How has Capitalism changed the World?
Across history capitalism has played a pivotal role in the development of a previously feudalistic and commercialistic based societies to those of the current world’s economy. Capitalism was first proposed in Adam Smith’s book, ‘The wealth of the Nations’, in 1776. With it identifying a system of communal and all round economic benefit, through its emphasise in individual market freedom. Although, capitalism is currently perceived as a predominantly positive and beneficial economic system, it wasn’t like that throughout history. In my First paragraph, I will discuss the initial positive changes of capitalism. Secondly, I will talk about the positive effects it had on the world, as it evolved overtime. Lastly, I will discuss the overall negative impacts of such a system.
Firstly, Initially capitalism was greatly beneficial to the working class and those of the entrepreneurial profession.
Before the introduction of capitalism and ensuing industrial revolution men and women of lower feudalistic status (mostly farmers and those working in agriculture) were poorly paid. Additionally, the lack of industrial competition also resulted in expensive living essentials, like tools and food. However, this promptly changed after the introduction of a free market based economic system. As it opened the market to all, not just those who had established bullion reserves. Thus, resulting in an unpresented amount of economic stimulation, which eventually lead large amounts of money being invested in trade and manufacturing. Also, depicted clearly by the 500% rise of economic output but British and Irish citizen between 1770 and 1800. This investment later benefited common workers, through increased both wages and lowered living costs. Indicated by the 50% rise in 1789-1819 and then a full 100% in the coming 30 years. The increase to worker wages as a whole and the average costs of essentials, lead to an overall increase to standard of living and quality of life. In particular,the increase of economic power by the working class meant they were less reliant on land owners of the government, as they were before as agricultural workers. Thus, leading to an economic freedom unpresented in the whole of European history. Therefore, early capitalism was a large driving force for good in England. As it furthered economic freedom across the working class and entrepreneurial class, additionally increasing a standard a living for all.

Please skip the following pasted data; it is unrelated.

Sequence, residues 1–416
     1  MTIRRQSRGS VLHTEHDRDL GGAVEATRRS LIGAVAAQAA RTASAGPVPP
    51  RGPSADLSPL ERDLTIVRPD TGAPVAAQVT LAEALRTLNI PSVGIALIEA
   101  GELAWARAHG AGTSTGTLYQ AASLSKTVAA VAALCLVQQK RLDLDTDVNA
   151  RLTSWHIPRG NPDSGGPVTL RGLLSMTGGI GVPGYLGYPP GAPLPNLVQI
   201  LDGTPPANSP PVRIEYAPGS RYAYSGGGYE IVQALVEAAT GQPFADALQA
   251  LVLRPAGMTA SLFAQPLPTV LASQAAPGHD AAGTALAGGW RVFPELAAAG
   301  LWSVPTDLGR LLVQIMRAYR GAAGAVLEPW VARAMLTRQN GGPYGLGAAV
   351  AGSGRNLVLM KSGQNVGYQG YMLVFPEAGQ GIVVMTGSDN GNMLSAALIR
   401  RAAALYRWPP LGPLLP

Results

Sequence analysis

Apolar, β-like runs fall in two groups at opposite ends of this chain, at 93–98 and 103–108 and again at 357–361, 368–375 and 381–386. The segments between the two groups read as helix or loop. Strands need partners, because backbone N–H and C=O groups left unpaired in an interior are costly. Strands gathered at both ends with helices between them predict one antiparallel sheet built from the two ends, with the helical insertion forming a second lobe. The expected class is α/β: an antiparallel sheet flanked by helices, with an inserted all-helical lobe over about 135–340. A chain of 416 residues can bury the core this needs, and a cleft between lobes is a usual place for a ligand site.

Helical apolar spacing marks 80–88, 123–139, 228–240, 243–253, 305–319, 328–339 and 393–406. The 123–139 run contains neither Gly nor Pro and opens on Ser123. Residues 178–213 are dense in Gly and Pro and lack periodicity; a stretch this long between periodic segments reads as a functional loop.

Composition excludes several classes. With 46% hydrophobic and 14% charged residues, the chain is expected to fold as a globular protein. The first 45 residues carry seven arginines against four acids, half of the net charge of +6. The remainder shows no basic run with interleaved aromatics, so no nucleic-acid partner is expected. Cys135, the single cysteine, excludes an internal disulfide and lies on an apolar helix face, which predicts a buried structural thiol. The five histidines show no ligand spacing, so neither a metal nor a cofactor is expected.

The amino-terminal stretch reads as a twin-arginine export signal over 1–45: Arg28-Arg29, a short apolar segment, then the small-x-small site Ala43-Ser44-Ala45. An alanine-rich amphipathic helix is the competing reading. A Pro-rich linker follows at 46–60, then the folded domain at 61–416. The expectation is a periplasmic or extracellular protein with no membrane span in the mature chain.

Secondly, as capitalism, has evolved over the 19th and 20th century, it had become an even larger force for good.
its focus on economic improvements, leads too economic freedom, efficiency and growth. In 1990, 37% of the population lived on under $1.90 a day. By 2012, that number had reduced to 12.8%. This is trickledown economics at work, as capitalism creates more jobs whilst also allowing societies to implement socialist style systems to increase overall well being or the standard of living. This can be...